International Portfolio In¨ estment 111affect both economies? Thus, while zero correlation would clearly suggest theexistence of segmented markets, strong correlations do not guarantee that anintegrated market for securities exists Žsince they could be caused by interna-tional shocks or other common underlying factors having an impact onbasically segmented markets., nor do they warrant the conclusion that rising orfalling correlations are indicative of a changing degree of integration.48 One study that revisits the market segmentation issue deals with two groupsof equities: Ž1. U.S. and foreign equities traded worldwide Žinternational . andŽ2. U.S. equities not traded worldwide Ždomestic..49 The study theorizes acommon linear pricing relationship across both groups of equities, implyingthe existence of an integrated market. The data used for the study spans theperiod from 1970 to 1985 and includes American Depository Receipts ŽADRs see Section V. for foreign company stocks trading on NYSE and AMEX aswell as domestic stocks trading on foreign exchanges in the form of interna-tional depository receipts ŽIDRs.. The results do not permit a rejection of theintegrated market hypothesis. However, this ﬁnding could be due to a bias in the sample selected towardssecurities traded in non-segmented markets. Nevertheless, the study ﬁnds thatthe premium associated with foreign market risk is quite large, offsetting thediversiﬁcation beneﬁts that should be gained from international diversiﬁcation,in theory. Furthermore, the Sharpe measures Žreturnrrisk . of 19 U.S. interna-tional mutual funds are examined. It is found that the majority of these Sharpemeasures exceed the U.S. benchmark of the S& P500 index. The measures donot, however, exceed the world market benchmark Žthe MSCI World Index.. Another study rejects the hypothesis that international investors’ portfoliosare generated by a historically based mean-variance model and perfect marketintegration.50 The study bases its argument on the Roll critique.51 Traditionalmodels Žmean-variance asset pricing models. assume homogeneous investorexpectations about future asset returns, making it possible to calculate aggre-gate asset demand. However, the study points out that international investorsuse different price indices and thus arrive at varying estimates of real returns.Therefore, it is not possible to keep the homogeneous expectations constrainton an international mean-variance asset pricing model. Some evidence presented in the above study suggests that short-termEurocurrency markets are integrated and that the money markets of theindustrialized countries are somewhat segmented. As for the longer-term 48 Kohlhagen Ž1983., Kenen Ž1976.. 49 Bodurtha Ž1989.. 50 GlassmanrRiddick Ž1996., GlassmanrRiddick Ž1994.. 51 The Roll critique suggests that one must know the entire supply Žtotal market wealth. inorder to test the mean-variance model. While an index can be used to approximate totalmarket wealth, it is not possible to determine whether the index used lies on the mean-vari-ance efﬁcient frontier.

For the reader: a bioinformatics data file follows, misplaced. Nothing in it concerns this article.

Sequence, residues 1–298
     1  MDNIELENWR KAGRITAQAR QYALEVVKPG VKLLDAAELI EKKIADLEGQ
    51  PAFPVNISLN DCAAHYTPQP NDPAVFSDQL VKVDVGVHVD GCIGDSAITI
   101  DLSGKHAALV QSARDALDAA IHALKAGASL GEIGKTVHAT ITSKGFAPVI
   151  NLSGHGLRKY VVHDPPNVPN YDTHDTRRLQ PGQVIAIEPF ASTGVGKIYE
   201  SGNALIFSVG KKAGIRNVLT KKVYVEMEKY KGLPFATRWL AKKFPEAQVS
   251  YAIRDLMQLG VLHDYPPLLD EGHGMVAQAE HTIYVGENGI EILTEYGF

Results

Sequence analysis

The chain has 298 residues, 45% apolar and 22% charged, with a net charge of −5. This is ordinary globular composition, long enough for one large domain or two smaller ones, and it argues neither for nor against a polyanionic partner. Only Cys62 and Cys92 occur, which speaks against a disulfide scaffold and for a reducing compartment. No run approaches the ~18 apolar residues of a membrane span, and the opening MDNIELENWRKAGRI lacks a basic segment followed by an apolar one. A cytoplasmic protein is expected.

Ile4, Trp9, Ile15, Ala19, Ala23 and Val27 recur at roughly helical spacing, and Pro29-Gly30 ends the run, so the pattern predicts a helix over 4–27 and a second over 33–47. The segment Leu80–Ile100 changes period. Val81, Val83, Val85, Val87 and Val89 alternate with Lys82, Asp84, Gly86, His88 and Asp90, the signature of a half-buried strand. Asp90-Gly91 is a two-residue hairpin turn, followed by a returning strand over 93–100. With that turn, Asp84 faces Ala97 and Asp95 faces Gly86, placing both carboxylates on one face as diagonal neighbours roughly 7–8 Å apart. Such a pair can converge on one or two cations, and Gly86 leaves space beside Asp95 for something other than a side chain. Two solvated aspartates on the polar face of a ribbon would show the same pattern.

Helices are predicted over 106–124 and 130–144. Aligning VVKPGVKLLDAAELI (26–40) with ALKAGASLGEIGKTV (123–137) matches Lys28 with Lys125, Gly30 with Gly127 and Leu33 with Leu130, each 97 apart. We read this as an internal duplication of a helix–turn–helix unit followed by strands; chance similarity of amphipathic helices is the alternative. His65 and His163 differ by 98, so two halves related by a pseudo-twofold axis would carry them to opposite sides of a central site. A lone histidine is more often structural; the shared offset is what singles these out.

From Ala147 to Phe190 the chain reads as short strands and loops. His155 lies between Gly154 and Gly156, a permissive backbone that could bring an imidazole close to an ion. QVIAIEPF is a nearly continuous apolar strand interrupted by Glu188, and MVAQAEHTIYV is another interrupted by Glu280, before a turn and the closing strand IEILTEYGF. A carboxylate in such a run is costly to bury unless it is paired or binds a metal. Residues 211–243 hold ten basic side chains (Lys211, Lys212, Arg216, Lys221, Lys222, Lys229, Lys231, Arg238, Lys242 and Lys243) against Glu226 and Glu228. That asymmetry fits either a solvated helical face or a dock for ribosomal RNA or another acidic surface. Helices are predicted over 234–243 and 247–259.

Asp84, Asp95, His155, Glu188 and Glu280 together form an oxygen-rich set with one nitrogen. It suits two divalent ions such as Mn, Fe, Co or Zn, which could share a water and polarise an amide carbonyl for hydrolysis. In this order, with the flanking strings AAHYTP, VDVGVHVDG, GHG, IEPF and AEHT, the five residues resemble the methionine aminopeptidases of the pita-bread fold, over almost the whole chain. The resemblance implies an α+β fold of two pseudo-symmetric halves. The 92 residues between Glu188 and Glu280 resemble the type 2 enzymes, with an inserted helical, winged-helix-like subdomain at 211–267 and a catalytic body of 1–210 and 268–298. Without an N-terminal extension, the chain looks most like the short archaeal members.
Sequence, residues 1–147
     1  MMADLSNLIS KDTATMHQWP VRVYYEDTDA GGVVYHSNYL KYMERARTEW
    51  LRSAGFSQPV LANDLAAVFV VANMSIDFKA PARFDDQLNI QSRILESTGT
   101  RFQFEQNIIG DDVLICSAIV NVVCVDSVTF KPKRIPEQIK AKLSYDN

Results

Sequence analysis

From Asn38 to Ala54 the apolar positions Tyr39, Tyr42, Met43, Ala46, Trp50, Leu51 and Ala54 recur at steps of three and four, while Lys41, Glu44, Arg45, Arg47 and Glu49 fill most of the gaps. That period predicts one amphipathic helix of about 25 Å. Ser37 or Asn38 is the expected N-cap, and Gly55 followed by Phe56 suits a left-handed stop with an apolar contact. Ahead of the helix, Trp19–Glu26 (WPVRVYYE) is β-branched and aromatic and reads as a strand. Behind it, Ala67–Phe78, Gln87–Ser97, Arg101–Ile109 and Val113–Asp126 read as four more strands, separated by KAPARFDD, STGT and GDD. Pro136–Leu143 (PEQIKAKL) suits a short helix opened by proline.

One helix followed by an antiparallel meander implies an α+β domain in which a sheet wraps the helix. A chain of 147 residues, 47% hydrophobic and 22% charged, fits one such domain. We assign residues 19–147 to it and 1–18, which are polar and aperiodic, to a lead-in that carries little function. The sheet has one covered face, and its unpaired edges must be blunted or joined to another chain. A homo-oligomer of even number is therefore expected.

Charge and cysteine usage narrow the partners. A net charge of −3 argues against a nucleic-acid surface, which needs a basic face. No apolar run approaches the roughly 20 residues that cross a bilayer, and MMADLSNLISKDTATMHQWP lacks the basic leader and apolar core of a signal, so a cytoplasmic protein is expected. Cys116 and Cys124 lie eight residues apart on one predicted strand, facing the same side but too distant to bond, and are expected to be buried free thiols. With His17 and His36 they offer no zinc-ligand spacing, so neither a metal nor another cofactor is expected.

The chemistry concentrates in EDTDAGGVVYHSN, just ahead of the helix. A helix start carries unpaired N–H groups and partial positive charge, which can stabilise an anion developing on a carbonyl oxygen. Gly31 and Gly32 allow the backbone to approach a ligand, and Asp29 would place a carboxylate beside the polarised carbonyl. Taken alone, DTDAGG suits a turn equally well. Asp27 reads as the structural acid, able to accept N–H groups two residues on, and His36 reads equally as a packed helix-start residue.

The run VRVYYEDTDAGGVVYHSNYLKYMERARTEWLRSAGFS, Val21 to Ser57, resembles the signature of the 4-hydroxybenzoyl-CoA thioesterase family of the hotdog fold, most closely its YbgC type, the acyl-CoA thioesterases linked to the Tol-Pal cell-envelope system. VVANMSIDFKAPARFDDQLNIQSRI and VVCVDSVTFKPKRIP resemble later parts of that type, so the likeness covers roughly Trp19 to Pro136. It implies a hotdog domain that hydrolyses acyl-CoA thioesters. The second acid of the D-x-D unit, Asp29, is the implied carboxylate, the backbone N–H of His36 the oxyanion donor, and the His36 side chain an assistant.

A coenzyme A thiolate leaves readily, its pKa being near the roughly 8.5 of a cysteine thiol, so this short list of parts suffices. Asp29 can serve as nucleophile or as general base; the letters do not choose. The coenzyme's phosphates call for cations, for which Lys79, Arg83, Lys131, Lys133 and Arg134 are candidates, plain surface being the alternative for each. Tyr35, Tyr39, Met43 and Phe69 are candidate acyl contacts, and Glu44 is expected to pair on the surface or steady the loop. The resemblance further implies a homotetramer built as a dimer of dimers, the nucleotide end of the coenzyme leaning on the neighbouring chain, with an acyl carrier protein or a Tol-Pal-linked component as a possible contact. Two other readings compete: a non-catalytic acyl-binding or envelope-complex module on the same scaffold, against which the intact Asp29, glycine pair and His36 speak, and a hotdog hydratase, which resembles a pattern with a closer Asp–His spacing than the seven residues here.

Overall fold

112 Bartram and DufeyTable 6: Optimal Portfolio Allocations of Investors. Home Country Base Equities Fixed Income of Investor Currency Local International Local InternationalNetherlands NLG 15 85 80 20Germany DEM 10 90 80 20France FRF 15 85 70 30Belgium BEF 15 85 80 20Switzerland CHF 35 65 80 20Great Britain GBP 25 75 55 45United States USD 50 50 85 15 The table shows the percentage of funds that investors with different homecountry should allocate to local and international equities and ﬁxed-income securi-ties, respectively, according to past correlations. Source: Robeco Group Ž1997..markets, their growth in recent years might be taken as evidence of increasingintegration, although little other support for this contention can be adduced.Pending more evidence, a pragmatic position would be to recognize thatmarkets in reality lie somewhere between the two extremes of perfect segmen-tation and complete integration, with the degree of segmentationrintegrationchanging slowly over time.52 In spite of the well-documented beneﬁts of international portfolio invest-ment, which would call for a considerable degree of international investmenton the basis of diversiﬁcation beneﬁts alone ŽTable 6., actual investmentbehavior is dramatically different, both with respect to institutions as well asindividuals.53 Empirical studies show that the actual portfolio composition ofinvestors is strongly shifted towards securities in their home market Žhomebias.. To illustrate, 93.8% of the funds of U.S. investors are invested in U.S.equities, even though the U.S. stock market accounts for a much smallerfraction of world equity markets. This characteristic of investor behaviorobserved in many countries remains an empirical puzzle in ﬁnancial eco-nomics.54 Interestingly, recent empirical evidence documents that the prefer-ence for investing close to home even applies to portfolios of domestic stocks, 52 See BekaertrHarveyrLumsdaine Ž1998. regarding liberalization measures of emergingmarkets. 53 When interpreting the data in Table 6, it has to taken into account that theserecommendations are based on correlation data from earlier time periods. More recently, inresponse to increased correlations between national stock markets during the recent past,investment strategists of major institutions in the United States have reduced the fraction ofshares to be allocated to foreign markets ŽFuerbringer Ž2001... 54 GlassmanrRiddick Ž1996., TesarrWerner Ž1995., CooperrKaplanis Ž1994., FrenchrPoterba Ž1991..